Dolans double-down on food pantry support
By Denise Crosby email@example.com September 7, 2012 1:32PM
Marie Wilkinson Food Pantry volunteer Bonnie Wegman adds food to a shelf for distribution to clients from Mutual Ground on Wednesday, September 5, 2012. | Jeff Cagle~For Sun-Times Media
What: Marie Wilkinson Food Pantry Annual Spirit Awards Luncheon
When: 11:30 to 1:30 p.m. Thursday
Where: Marie Wilkinson Food Pantry, 834 N. Highland Ave., Aurora
Tickets: $20; visit mariewilkinsonfoodpantry.org
Updated: October 11, 2012 6:05AM
There may be a four-year difference in age, but the Dolan brothers grew up fostering a robust sibling rivalry.
As proof: Plenty of hours were spent “bashing against each other” on the racquetball court, says younger sibling Brian Dolan, who even admits he broke a few racquets on the wall trying to beat his older bro Dan.
“I was more athletic,” Brian Dolan admitted. “But I couldn’t outsmart him.”
Fortunately, the brothers parlayed that competitive drive into helping grow Dolan and Murphy Inc., the already successful commercial real estate business their father Dan Sr. started in Aurora 47 years ago.
But one playing field where they don’t go head to head is feeding the hungry, even though both men pour countless hours volunteering for two different local food pantries.
Eight years ago, Brian Dolan, 56, was asked to sit on the board of the Marie Wilkinson Food Pantry. And from his neighboring office at Dolan and Murphy, Dan pours his efforts into helping fill the shelves of the Aurora Area Interfaith Food Pantry with the Holiday Food Drive he started four years ago.
“Food is such a basic need,” Brian Dolan says. “We both feel so blessed. This community has been so good to us. And this is an important way we can give back.”
The Dolan brothers learned that lesson at the knee of their father, whose footprint can be found all over this community, not only in major business ventures like the Chicago Premium Outlets mall but also through countless philanthropic seeds he’s sowed over the years, including the Dolan Family Endowment Fund.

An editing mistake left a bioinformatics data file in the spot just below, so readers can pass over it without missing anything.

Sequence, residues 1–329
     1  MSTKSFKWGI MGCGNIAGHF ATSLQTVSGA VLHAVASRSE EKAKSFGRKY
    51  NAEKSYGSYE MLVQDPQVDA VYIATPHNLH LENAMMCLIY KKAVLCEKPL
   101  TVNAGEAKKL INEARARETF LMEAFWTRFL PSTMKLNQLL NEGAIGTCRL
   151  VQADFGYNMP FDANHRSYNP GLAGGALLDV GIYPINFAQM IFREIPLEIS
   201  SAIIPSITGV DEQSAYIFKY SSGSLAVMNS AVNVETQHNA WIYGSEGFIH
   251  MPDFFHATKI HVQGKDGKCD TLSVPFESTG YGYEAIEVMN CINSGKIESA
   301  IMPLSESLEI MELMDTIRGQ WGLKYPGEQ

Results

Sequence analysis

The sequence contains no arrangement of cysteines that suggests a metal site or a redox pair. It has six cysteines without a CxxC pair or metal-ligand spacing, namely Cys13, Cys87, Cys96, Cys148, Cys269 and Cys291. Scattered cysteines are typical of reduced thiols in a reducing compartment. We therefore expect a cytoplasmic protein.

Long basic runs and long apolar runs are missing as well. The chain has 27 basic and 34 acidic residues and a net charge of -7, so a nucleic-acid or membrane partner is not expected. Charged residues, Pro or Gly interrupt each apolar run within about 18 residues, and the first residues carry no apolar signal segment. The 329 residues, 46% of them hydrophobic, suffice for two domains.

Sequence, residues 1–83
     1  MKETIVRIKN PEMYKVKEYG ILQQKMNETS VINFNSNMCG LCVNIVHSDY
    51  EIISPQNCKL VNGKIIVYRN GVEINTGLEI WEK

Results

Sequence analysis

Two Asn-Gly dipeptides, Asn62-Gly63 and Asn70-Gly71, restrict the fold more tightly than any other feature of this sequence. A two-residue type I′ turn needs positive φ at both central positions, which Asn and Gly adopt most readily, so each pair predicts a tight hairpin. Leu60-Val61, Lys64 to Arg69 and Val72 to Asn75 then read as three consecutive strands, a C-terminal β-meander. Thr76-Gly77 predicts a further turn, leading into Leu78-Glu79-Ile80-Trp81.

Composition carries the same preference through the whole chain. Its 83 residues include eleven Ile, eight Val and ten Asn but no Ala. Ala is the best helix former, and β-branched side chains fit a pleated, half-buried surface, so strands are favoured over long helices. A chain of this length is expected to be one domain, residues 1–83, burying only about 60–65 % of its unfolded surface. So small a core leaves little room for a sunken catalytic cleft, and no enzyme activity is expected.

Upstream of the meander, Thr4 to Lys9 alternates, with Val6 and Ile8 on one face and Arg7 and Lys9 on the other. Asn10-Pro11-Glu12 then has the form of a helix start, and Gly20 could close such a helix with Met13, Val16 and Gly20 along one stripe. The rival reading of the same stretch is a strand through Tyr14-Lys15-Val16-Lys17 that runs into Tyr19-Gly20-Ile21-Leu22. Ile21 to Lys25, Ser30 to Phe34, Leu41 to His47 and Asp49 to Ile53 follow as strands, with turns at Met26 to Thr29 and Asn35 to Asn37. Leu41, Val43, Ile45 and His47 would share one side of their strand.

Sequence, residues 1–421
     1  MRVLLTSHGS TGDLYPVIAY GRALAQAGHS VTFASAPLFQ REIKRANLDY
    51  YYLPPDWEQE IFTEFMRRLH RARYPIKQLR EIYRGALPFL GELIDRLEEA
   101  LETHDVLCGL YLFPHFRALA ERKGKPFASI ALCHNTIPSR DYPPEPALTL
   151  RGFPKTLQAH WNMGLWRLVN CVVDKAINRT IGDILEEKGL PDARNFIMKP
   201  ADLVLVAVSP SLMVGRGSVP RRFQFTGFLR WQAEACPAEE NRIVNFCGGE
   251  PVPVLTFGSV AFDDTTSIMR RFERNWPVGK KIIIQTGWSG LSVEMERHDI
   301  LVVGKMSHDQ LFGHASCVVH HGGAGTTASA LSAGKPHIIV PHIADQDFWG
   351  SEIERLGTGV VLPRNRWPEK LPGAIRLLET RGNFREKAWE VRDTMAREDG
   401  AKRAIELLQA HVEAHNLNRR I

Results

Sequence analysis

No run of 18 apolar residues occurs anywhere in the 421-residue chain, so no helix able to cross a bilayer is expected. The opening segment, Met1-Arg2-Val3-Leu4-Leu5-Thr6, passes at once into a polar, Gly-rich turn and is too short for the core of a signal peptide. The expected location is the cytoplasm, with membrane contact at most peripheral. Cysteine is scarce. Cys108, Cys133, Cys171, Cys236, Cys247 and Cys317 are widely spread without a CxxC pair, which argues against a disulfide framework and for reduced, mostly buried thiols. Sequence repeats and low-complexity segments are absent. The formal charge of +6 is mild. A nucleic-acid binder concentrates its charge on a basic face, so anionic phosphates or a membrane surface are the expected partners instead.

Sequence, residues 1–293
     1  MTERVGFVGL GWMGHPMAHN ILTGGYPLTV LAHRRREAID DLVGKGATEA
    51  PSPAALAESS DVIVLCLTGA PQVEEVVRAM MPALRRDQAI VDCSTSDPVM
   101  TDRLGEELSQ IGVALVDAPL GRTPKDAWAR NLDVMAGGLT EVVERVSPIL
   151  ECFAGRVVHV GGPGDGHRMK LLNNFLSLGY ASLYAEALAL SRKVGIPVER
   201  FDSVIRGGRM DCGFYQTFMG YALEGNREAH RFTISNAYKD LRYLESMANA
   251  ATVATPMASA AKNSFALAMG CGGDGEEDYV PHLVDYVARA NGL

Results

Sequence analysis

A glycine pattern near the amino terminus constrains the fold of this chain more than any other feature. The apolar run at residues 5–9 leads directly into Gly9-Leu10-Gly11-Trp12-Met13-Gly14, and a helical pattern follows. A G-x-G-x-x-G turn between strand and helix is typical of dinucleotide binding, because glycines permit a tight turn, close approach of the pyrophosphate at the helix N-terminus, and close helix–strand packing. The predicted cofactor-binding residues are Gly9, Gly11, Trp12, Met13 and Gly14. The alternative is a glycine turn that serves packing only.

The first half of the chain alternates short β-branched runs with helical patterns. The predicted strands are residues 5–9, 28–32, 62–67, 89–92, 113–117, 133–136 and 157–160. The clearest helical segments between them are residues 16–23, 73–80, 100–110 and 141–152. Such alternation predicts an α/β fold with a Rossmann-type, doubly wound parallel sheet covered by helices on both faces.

The fact the two sons ended up at separate pantries “is just sort of ironic,” said Dan Dolan. “It wasn’t like there was thought put to it.”
There are certainly benefits to those family ties, however.
While the vast majority of the food garnered from Dan Dolan’s holiday drive goes to the Interfaith pantry, two days worth of groceries from this month-long project — it begins Nov. 1 — goes directly to the Marie Wilkinson pantry. Last year that came to $2,000 worth of food, says Brian Dolan, “which was a significant boost for us.”
Equally important is the Marie Wilkinson Pantry’s collaborative effort with Interfaith and other local pantries that’s not as much about sharing food as it is information to better fill client needs.
And there is no doubt, say both Dolan brothers, that need is growing. Marie Wilkinson Director Diane Renner says the pantry serves an average of 120 families a month, including clients from Mutual Ground. This August, 2,175 people went through the pantry, an increase of 78 percent.
This growing need, she added, is the reason the pantry – which will be holding its Annual Spirit Awards Luncheon on Thursday — will soon begin an expansion project that will double its size. This new space will feature a waiting area where clients can take part in food and cooking classes, as well as a larger distribution area that will allow people to shop for their food instead of being handed bags of groceries.
While the Marie Wilkinson Pantry tends to serve people in the more northern area of Aurora, clients also come from North Aurora, the Tri-Cities, Sugar Grove and Hinckley. “But we don’t turn anyone away,” says Renner.
There are 15 food pantries serving the Aurora, Kendall, Naperville and Elgin areas. And unfortunately, there’s enough need to keep all of them busy.
“When it comes to feeding the hungry,” says Brian Dolan, “it’s not about competition. It’s about cooperation.”